- Read their introduction. Many members mention their field of expertise, current employer and professional aspirations in their profile introduction section:
- Check out their answers to group questions. Groups sometimes ask their members optional questions about various topics like why they chose that group, what their expertise is or how many years of experience they have. If you’re lucky, there will be questions about their email and social media contact information. If not, you can use their information to do a Boolean search to find their email.
- Follow them on social. Often, members will choose to share their social accounts on their Meetup.com profile:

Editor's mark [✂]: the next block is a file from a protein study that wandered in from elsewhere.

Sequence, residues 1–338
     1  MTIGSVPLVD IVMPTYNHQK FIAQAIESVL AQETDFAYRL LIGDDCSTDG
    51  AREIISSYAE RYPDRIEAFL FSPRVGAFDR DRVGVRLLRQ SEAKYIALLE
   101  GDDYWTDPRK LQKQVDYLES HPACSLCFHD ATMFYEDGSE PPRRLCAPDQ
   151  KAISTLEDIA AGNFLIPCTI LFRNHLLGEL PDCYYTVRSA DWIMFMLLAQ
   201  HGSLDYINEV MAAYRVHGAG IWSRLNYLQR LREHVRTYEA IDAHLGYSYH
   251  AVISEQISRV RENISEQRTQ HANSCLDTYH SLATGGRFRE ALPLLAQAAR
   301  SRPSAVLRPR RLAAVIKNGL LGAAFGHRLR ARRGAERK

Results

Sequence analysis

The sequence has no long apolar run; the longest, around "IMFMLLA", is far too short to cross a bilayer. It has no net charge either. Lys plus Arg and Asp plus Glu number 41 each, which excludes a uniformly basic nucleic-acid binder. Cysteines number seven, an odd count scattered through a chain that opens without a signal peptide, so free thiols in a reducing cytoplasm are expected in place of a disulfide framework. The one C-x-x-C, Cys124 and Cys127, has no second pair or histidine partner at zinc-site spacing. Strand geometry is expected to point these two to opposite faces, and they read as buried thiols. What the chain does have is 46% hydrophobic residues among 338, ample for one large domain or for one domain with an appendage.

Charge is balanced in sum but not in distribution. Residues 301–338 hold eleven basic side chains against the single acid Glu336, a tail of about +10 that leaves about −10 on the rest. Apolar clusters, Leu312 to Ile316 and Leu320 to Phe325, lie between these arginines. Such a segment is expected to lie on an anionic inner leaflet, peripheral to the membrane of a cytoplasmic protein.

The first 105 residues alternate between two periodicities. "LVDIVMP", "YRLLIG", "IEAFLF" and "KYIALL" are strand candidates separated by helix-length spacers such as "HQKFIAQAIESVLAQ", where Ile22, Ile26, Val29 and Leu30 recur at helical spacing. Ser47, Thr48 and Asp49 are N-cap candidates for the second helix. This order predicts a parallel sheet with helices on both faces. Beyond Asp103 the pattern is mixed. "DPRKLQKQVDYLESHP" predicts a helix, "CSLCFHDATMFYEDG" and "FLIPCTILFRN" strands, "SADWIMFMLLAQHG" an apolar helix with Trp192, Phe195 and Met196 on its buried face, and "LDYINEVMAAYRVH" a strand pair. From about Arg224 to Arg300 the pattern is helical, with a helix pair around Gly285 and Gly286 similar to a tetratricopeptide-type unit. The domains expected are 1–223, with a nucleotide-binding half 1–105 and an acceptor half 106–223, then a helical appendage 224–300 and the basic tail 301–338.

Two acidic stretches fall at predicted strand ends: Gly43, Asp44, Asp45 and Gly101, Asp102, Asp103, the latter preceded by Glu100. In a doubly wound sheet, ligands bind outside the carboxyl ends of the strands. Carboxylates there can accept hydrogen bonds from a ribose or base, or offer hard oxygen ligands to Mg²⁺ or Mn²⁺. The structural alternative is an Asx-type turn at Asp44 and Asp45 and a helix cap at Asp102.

- Check out members’ other groups. On the left side of members’ profile pages, you can see a list of the other groups they’ve joined. This is a good indication on their interests and a great way to find other, relevant groups for the position you’re sourcing for.
Related: Ideas for a successful recruiting event
Once you’ve found a person who looks promising, you can send them a message through Meetup.com or their social media profiles. You can also use tools like People Search, a Chrome extension, to qualify the prospect even further before you reach out. People Search scans multiple data sources to create a rich profile, including education, work experience, social profiles and contact details. Here’s how it works:
You can use the information you find through People Search to personalize your outreach. If you’re not sure how to structure your messages to candidates, you could customize one of IWA’s passive candidate email templates to save more time and increase your likelihood of getting a response.
Sourcing on Meetup is one of many ways to find great candidates. Download our complete sourcing guide for free.